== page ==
As I waited for the next dish to arrive, I chatted with Sun and asked her about what her experience in India has been like. “I moved to Delhi with my husband in 2003. He moved for work, and to kill time I began to cook for people. I had a restaurant called Sun & Moon in Delhi as well,” said Sun. “I like India and I love Indians. They want to know everything about Korea. I want to introduce them to our culture through our food,” she added.
As I listened intently, a group of Korean businessmen entered the restaurant and Sun excused herself to go cater to them. Meanwhile, the next dish had already been placed in front of me — tteok-bokki or stir-fried rice cakes. This vegetarian dish comprises stir-fried rice cakes soaked in extremely flavourful vegetable broth. The gelatinous cylinders of rice might not be for everyone, however, I thoroughly enjoyed the broth that is balanced out perfectly by the rice cakes that counters the broth’s spice. Sipping on the broth while nibbling on kimchi and washing it all down with the rather unusual but mildly flavoured onion and ginger cold tea, I am transported to a food heaven of sorts. I’m brought back to reality by the heavenly sound of sizzling pork. A waft of charred meat follows soon after and without a second’s worth of thought I am walking to the table where the businessmen are seated. Sun, standing at the head of the table, is patiently flipping the thinly sliced pork. Korean barbeque is a one-of-a-kind culinary experience. This DIY take on food is one that is unique and a dream come true for all meat-lovers. “I have been coming to Sun & Moon for years. We have known Sun for years, the food and ambience here takes me back to Korea,” says Dong, a Korean businessmen who frequents the eatery.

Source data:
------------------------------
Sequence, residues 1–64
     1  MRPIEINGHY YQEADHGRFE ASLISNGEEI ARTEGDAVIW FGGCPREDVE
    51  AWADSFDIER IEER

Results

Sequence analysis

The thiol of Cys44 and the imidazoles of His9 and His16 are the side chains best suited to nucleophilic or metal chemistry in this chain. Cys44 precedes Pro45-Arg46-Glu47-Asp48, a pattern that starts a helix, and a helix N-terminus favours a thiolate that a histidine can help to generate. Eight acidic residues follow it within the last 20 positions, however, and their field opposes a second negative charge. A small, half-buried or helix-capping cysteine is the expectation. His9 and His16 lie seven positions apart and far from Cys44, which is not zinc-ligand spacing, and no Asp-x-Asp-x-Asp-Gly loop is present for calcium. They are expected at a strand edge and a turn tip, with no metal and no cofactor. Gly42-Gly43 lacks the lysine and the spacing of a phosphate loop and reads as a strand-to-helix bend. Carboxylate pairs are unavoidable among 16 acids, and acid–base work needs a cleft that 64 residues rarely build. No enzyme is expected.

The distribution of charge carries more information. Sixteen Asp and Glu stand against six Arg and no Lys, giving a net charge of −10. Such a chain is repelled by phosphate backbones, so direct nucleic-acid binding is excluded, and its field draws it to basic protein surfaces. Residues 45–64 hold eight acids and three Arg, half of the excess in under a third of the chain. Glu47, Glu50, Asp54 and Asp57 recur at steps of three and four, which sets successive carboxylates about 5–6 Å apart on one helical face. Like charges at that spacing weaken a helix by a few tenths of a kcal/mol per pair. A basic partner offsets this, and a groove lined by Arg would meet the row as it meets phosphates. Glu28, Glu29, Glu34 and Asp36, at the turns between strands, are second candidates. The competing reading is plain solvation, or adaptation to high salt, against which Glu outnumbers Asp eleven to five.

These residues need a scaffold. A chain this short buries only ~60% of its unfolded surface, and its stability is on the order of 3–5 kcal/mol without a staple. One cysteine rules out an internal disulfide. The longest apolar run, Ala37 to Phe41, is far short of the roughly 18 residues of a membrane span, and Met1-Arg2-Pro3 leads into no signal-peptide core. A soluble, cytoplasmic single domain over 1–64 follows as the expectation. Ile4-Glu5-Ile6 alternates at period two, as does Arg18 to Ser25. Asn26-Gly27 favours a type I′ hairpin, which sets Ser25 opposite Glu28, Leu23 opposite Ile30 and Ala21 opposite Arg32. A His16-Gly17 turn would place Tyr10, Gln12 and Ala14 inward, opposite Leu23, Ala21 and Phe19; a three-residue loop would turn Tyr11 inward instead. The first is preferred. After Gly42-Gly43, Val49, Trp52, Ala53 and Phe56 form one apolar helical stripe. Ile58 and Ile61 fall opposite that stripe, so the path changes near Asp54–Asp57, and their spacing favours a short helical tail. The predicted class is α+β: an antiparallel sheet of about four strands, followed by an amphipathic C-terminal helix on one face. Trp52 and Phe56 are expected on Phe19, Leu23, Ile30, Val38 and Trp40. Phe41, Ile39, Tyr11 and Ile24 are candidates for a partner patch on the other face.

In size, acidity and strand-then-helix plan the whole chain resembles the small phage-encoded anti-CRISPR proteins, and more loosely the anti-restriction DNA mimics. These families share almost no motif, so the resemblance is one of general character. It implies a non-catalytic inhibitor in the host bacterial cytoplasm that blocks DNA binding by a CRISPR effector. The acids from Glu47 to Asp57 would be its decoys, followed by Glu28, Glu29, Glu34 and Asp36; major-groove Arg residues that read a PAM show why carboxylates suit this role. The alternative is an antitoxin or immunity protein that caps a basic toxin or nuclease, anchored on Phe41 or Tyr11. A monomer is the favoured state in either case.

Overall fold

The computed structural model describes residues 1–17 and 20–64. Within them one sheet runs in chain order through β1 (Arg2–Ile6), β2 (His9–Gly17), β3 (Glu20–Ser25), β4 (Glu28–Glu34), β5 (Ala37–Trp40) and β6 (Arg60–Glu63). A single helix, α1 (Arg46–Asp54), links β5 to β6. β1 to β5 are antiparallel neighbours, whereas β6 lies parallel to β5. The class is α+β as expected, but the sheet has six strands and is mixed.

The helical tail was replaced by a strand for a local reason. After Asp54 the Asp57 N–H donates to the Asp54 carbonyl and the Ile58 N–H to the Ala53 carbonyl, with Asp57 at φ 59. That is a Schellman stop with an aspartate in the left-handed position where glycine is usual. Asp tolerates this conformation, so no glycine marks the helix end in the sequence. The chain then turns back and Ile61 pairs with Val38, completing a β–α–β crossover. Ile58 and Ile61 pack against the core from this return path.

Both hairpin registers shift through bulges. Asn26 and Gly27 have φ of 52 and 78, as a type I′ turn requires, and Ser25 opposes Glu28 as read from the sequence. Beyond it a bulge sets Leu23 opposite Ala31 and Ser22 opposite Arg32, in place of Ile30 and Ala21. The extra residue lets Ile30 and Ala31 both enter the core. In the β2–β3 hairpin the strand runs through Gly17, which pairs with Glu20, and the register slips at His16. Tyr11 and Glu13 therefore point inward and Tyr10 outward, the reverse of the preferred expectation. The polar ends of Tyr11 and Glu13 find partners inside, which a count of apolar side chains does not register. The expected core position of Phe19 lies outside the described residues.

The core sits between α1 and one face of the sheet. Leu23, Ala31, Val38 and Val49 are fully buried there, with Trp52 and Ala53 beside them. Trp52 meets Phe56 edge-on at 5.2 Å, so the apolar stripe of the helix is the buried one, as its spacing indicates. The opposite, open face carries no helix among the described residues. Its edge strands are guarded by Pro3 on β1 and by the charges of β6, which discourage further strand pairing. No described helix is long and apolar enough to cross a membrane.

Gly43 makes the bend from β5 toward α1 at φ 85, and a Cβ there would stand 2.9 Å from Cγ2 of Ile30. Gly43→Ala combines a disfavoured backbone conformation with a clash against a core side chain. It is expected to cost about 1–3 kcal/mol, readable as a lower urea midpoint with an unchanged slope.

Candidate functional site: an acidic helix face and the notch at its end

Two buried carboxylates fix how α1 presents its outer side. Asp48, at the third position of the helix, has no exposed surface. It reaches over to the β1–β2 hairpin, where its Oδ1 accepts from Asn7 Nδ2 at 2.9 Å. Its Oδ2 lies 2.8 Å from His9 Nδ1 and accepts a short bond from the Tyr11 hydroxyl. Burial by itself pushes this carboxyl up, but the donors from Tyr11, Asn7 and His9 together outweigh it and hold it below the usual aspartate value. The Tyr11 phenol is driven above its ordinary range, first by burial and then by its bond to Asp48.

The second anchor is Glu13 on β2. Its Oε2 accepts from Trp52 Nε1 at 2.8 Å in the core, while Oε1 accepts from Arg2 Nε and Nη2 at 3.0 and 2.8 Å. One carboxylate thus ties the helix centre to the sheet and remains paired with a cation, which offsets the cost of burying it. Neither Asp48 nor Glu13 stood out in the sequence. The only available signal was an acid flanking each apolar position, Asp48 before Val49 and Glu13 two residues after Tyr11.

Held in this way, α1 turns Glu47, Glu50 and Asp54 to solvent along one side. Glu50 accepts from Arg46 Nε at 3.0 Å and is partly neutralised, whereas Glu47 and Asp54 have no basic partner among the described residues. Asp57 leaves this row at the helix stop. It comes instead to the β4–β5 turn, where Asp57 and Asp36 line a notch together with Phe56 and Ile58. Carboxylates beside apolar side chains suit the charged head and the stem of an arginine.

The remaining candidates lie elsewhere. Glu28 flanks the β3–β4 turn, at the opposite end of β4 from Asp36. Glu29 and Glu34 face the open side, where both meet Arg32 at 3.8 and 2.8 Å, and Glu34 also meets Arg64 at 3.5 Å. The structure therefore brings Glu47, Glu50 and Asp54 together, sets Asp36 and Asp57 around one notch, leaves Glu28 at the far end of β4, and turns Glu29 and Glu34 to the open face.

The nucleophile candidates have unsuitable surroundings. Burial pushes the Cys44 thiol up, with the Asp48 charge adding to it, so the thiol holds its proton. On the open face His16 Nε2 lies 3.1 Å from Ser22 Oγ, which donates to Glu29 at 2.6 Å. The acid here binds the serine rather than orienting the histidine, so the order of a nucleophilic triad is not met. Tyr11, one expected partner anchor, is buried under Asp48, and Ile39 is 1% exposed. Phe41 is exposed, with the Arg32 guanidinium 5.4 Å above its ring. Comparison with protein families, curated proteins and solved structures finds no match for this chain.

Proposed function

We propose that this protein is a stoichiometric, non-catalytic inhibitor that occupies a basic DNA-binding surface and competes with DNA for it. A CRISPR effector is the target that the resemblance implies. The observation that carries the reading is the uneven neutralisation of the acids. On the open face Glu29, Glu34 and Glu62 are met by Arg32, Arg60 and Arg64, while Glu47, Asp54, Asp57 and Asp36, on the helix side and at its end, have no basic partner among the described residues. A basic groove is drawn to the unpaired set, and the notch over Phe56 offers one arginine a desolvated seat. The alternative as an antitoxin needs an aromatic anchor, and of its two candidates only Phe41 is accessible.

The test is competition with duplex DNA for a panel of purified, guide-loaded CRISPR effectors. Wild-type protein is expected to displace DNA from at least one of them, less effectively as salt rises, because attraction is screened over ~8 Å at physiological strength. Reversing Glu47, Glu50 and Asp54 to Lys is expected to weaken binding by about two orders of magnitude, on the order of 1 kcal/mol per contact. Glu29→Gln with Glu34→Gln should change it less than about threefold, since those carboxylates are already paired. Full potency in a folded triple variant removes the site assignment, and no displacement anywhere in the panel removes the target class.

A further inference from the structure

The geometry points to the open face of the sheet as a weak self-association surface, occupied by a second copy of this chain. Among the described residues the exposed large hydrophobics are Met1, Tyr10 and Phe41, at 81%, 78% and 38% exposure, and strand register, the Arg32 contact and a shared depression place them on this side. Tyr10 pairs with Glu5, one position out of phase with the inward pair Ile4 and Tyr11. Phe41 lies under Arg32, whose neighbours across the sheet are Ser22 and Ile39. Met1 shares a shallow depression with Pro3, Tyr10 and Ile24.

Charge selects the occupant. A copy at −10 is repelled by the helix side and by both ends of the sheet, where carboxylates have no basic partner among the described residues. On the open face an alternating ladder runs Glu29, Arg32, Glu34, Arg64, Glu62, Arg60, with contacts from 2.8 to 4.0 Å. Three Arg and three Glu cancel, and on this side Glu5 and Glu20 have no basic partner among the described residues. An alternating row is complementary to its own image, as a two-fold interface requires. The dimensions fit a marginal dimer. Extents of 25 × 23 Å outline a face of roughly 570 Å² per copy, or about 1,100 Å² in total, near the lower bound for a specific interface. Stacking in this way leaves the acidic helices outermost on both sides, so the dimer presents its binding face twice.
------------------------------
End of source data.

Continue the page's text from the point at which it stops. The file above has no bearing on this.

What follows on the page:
However, my favourite dish from all the bucket loads of food that I ate was the Korean spicy pork stir-fry or the jeyuk bokkeum. The crispy meat, the heat of the gochujang (Korean red chilli paste), and the smokey flavour of the barbeque glaze checked all the right boxes. Usually eaten with rice, I devoured the dish all by itself.